Comedian David Cross of “Arrested Development” drew heavy criticism from Twitter users, religious commentators and others when he posted a photoshopped picture of himself in Church of Jesus Christ temple garments ahead of a tour stop in Salt Lake City in August. “Utah, learn the real truth!” the promotional image said.
Many weren’t amused, including those who booked him. The University of Utah, who hosted the event, condemned the photo. “The offensive use of sacred religious imagery … was in opposition to the university’s values of respect and inclusivity,” the university said in a statement. They didn’t cancel the show, however, citing 1st Amendment rights.
During his set, Cross said that he was surprised by the outcry, but he didn’t “give a [expletive].”
According to a Latter-day Saint teacher, who asked not to be recorded or attributed with his official title since he isn’t authorized to speak for the church, it was the imagery that made this joke — and others like it — go too far. He said it doesn’t bother him when people poke fun at what people call “magic underwear”. The line is crossed when something he views as sacred is displayed in full, as it was in Cross’ photoshopped image.
The church has long protected its sacred imagery, not allowing photography or recording of any kind in its temples. It also instructs its missionaries to “not photograph sacred objects or statues” in the communities where they proselytize, according to their handbook.
The nature of making jokes about the church and its members may also depend on the source. In the United States, members of The Church of Jesus Christ of Latter-day Saints are minorities, making up just 1.8 percent of the the population, according to a recent Gallup poll. However, in Utah County, Latter-day Saints make up over 80 percent of the population according to the church’s own figures.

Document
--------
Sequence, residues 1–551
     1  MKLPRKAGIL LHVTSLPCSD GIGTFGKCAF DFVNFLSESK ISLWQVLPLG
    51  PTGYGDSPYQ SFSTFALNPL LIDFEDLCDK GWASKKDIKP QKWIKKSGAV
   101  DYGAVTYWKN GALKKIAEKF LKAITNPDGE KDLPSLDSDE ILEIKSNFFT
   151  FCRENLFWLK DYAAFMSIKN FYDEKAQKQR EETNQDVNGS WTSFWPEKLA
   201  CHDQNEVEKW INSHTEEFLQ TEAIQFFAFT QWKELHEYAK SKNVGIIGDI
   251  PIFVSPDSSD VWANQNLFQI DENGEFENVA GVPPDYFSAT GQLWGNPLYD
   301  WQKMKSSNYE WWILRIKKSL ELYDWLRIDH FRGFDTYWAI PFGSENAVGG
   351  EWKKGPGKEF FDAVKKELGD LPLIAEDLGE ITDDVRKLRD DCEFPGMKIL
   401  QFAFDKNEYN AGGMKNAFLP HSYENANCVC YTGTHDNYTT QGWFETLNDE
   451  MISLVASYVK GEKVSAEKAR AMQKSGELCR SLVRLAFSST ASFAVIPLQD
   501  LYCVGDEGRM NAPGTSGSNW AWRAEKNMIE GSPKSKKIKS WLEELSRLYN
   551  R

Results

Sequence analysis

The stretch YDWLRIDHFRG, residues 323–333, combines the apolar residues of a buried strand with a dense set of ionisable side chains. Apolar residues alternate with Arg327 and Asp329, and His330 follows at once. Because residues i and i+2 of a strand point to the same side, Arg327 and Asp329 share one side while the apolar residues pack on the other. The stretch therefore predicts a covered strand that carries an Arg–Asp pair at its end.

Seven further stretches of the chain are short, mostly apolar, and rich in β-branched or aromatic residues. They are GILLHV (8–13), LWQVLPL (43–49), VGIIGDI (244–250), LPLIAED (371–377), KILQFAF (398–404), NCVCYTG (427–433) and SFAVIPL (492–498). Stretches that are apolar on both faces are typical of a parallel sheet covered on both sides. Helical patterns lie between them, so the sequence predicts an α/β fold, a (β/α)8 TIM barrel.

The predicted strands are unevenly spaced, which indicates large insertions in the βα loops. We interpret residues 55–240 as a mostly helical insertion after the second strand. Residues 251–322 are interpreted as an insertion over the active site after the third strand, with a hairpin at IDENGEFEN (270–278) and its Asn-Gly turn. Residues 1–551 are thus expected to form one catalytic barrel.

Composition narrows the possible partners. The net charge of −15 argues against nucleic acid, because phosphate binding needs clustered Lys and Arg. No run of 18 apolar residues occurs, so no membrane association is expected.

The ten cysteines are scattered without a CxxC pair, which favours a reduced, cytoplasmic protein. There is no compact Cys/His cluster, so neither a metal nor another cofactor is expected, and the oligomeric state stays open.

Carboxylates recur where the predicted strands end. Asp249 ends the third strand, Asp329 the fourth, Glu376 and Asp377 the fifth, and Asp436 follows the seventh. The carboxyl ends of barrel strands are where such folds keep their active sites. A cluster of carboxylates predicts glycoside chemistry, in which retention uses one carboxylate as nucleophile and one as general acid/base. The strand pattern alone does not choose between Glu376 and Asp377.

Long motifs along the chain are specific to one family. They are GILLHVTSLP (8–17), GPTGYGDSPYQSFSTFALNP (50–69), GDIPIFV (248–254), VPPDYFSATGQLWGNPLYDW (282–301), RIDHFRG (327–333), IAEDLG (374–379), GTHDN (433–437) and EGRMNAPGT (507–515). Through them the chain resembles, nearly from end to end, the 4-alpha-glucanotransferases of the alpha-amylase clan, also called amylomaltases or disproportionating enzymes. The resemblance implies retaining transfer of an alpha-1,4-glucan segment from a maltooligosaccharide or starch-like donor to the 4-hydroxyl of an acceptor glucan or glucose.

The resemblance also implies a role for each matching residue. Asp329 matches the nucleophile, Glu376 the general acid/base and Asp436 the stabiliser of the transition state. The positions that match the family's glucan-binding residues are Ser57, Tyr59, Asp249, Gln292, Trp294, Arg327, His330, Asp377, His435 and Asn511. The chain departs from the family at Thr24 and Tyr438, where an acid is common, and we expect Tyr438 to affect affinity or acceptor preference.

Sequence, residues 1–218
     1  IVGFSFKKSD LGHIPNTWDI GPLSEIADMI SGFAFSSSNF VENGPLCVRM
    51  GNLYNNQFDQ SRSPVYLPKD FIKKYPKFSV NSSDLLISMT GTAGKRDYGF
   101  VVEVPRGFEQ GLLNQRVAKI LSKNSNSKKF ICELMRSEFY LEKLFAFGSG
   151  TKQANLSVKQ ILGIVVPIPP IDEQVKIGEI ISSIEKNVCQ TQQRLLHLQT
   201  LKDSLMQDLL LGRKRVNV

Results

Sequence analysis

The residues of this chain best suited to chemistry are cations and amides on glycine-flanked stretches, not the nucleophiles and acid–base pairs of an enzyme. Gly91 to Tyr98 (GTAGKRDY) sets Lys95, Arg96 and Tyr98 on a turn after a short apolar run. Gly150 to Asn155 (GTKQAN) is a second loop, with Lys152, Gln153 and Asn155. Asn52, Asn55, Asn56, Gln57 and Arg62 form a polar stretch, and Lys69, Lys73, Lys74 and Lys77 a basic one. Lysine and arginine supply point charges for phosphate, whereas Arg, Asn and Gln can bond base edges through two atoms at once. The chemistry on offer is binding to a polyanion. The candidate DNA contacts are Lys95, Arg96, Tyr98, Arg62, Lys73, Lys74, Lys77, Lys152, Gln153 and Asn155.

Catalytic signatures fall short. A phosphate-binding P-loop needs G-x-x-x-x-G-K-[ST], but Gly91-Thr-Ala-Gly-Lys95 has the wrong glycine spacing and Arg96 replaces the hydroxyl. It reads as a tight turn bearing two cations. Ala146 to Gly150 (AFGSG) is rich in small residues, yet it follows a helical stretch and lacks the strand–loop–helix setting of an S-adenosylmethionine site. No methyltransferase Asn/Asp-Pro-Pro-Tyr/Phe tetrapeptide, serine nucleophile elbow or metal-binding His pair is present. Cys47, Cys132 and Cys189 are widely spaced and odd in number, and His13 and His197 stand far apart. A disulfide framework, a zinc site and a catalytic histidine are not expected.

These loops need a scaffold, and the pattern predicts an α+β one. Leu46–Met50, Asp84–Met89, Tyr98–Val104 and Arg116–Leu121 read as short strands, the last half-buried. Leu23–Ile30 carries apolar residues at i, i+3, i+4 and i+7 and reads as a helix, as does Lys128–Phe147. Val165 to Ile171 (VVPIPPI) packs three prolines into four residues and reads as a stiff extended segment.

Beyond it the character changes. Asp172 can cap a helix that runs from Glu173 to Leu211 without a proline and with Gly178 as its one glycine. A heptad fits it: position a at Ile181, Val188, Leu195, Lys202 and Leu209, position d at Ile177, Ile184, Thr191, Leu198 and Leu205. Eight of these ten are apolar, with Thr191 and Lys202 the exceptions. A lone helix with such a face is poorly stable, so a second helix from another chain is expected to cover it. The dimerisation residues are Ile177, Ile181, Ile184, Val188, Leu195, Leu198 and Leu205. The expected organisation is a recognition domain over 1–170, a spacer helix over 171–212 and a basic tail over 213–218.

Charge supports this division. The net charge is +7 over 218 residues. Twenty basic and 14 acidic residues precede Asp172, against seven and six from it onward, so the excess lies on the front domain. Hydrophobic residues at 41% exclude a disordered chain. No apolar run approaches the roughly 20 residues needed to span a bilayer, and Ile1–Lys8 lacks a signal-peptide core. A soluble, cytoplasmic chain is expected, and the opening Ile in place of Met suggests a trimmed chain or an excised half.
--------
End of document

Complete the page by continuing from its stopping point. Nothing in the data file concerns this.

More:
Kelli Potter, a professor of philosophy at Utah Valley University, says that the position of the joker in relation to the religious institution makes all the difference.
“The line here has to do with where the critic is in the power dynamic,” Potter said.
While calling Cross’ image “distasteful and disrespectful,” Potter added that not all religious jokes are inappropriate. In fact, they can be a force for good.
“Parody or satire from within the community might be very powerful and necessary to challenge to the structures in the community that marginalize certain groups,” she said, citing feminists and queers within the Islamic community who “criticize the orthodoxies of [Islamic] traditions from the point of view of a marginalized group” as a positive example.